Scientists from the University of Reading and elsewhere found that intake of certain dairy foods may reduce risks of heart disease, bone fractures, and all-cause death.
Dairy products or milk products, also known as lacticinia, are food products made from milk.
The most common dairy animals are cows, water buffalo, nanny goats, and ewes.
Dairy products include common grocery store food items in the Western world such as yogurt, cheese, and butter.
Dairy foods are naturally enriched with protein, several vitamins, and minerals.
Although they are an important part of a healthy and balanced diet, their relationship with health outcomes remains to unclear.
In this study, researchers examined the link between total dairy, total fermented dairy, and different dairy foods (high-fat or low-fat milk, yogurt, cheese, butter, and cream) and the risk of cardiovascular disease (CVD), coronary heart disease (CHD), bone fracture and all-cause death.
They used data from 1746 Danish healthy men and women aged 30-60 years.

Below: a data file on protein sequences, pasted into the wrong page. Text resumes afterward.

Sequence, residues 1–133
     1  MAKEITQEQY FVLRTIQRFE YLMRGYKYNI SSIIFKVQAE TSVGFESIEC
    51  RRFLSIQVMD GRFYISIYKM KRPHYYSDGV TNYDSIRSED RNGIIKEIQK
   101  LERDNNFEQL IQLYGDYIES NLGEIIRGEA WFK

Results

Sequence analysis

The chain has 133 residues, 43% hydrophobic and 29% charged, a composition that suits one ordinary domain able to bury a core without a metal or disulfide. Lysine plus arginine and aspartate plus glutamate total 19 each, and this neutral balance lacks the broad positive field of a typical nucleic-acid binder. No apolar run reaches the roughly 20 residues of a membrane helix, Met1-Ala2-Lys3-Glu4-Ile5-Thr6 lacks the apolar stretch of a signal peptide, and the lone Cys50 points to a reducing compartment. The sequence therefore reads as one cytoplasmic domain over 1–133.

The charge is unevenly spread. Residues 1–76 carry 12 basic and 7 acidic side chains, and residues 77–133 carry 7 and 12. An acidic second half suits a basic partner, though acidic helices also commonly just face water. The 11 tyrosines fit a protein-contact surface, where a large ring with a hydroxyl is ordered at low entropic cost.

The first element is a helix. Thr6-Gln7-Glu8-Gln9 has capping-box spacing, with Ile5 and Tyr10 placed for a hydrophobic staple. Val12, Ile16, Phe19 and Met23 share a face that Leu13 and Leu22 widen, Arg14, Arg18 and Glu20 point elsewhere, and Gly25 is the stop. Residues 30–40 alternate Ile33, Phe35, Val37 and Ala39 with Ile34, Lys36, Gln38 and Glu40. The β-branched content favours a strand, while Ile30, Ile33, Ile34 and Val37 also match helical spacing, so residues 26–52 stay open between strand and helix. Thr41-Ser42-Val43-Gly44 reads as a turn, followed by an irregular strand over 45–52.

The team found that during a follow-up of 30 years, a high intake of fermented dairy was linked to lower fracture risk.
Furthermore, a high intake of low-fat milk was linked to lower risks of CVD, CHD, and all-cause mortality compared with the lowest low-fat milk group.
The team did not find associations with other dairy foods.
Based on the findings, the team suggests that total fermented dairy intake is linked to a lower risk of bone fracture.
In addition, low-fat milk intake is linked to lower risks of heart disease and all-cause mortality.
The research was published in PLOS ONE and conducted by Jing Guo et al.
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